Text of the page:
ITC Great Plains said Monday it will soon open an Oklahoma City office as the electrical transmission company continues its effort to build new power lines in the region.
“We're very excited about this expansion we're making,” ITC Great Plains President Kristine Schmidt said. “It's part of a broader strategy of expansion that has been underway for multiple years, which is growing the ITC business in the region.”
The Oklahoma City office will give the company a stronger presence near the state Capitol, Oklahoma Corporation Commission and utility companies Oklahoma Gas and Electric Co., Western Farmers Electric Cooperative and the Oklahoma Municipal Power Authority.
ITC Great Plains is still negotiating terms of its planned lease in downtown Oklahoma City's City Center, Schmidt said. The office initially will house one permanent employee, but it also will provide space for Schmidt and other ITC employees who often travel among the company's other offices and will provide for future expansion.
“When we started looking at employing additional staff members as our business grew, we started looking at the skill sets and capabilities and recognized the Oklahoma area has a lot of the talent and capabilities we would need for expanding our operation,” Schmidt said. “As a result, we took a look at Oklahoma City and wanted to have folks here who can support the overall business, whether it's supporting some of our discussions with the Oklahoma stakeholders or if its in Topeka (Kan.) or Little Rock (Ark.). These positions in Oklahoma will support the broader region.”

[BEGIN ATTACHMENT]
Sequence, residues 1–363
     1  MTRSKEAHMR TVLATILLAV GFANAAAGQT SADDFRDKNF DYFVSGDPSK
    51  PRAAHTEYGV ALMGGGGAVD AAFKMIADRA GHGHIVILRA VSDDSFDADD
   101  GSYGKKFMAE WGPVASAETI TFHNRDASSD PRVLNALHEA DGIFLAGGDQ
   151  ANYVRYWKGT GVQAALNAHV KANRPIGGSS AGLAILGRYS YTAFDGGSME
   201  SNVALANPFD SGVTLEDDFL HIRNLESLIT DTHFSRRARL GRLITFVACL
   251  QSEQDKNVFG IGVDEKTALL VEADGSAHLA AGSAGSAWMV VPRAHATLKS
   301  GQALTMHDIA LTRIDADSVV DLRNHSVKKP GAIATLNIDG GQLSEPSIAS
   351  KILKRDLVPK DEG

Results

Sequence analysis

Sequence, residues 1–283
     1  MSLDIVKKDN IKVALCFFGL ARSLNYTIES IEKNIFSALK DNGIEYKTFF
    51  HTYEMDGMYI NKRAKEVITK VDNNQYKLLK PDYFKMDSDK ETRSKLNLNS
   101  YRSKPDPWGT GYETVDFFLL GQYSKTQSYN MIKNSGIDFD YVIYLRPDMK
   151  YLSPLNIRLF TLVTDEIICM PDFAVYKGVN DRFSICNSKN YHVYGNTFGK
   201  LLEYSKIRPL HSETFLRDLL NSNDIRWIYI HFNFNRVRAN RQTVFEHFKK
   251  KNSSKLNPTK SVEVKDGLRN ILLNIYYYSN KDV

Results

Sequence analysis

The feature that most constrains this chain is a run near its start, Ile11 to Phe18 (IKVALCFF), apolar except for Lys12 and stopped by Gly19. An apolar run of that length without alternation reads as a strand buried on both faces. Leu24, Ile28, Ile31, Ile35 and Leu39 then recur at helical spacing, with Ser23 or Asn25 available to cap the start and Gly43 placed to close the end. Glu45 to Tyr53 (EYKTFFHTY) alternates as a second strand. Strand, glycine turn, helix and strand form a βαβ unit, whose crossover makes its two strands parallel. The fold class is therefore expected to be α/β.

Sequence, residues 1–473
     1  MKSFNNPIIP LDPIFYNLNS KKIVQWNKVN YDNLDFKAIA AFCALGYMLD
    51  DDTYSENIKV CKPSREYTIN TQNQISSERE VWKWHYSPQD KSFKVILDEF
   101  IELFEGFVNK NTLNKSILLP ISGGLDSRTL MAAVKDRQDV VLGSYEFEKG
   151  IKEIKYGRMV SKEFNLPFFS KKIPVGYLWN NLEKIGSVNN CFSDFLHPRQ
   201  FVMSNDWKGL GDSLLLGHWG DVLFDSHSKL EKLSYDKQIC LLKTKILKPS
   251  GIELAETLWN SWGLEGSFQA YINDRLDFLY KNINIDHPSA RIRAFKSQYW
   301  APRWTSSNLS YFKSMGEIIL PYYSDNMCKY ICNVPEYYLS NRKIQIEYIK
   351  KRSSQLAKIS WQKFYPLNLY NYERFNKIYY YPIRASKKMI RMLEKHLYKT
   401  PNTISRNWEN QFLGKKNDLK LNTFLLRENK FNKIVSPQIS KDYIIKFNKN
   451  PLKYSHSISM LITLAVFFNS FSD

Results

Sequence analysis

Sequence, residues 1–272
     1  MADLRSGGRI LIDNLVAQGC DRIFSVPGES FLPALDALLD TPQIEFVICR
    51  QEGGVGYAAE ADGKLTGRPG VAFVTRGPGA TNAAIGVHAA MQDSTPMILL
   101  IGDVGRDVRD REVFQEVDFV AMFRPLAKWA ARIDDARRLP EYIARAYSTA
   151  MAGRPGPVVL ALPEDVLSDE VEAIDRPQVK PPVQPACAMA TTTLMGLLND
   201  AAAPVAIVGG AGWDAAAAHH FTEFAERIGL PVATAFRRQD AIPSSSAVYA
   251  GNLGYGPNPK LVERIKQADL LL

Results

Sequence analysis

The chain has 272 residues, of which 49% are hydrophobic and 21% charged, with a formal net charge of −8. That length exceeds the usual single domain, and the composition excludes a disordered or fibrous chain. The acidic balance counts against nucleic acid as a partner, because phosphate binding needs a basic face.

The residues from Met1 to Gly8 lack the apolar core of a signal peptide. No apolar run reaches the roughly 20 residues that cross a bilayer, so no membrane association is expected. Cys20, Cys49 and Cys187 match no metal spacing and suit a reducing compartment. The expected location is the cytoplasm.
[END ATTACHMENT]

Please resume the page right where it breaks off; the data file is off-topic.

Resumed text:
Oklahoma Commerce Secretary Dave Lopez said ITC's expansion boosts the city's already-strong energy industry.
“We welcome the decision by ITC to invest in Oklahoma's growing energy economy by establishing a business development and operations office in our state,” Lopez said. “ITC's decision to create a presence in Oklahoma further validates the opportunities for energy companies to do business in Oklahoma and from Oklahoma.”
ITC about a year ago completed its 18-mile, 345-kilovolt transmission line from Hugo to Valiant in southeastern Oklahoma.
The company late last year proposed a plan for five more high-voltage lines in the region, including two in Oklahoma.
One would start in western Oklahoma and travel across the northern section of the state to south-central Missouri. Another would start in west Texas, cross into southern Oklahoma and end in southwest Arkansas. Other lines would go from Kansas to Missouri; Kansas to Iowa; and Nebraska to Iowa.
The company submitted the proposal as part of Southwest Power Pool's 20-year plan to add more high-voltage transmission lines. The plan, called Integrated Transmission Planning Year 20 Assessment, is expected to be finalized this summer.
“This proposal offers an inter-regional planning perspective that is generation-neutral and works within the regional planning process to produce optimal grid performance,” Joseph L. Welch, ITC's chairman, president and chief executive officer, said in a statement. “These projects will draw upon ITC's track record as a best-in-class independent transmission developer and operator, as evidenced by the success of our existing projects and partnerships with local utilities in the Great Plains region.”
When we started looking at employing additional staff members as our business grew, we started looking at the skill sets and capabilities and recognized the Oklahoma area has a lot of the talent and capabilities we would need for expanding our operation.”
ITC Great Plains President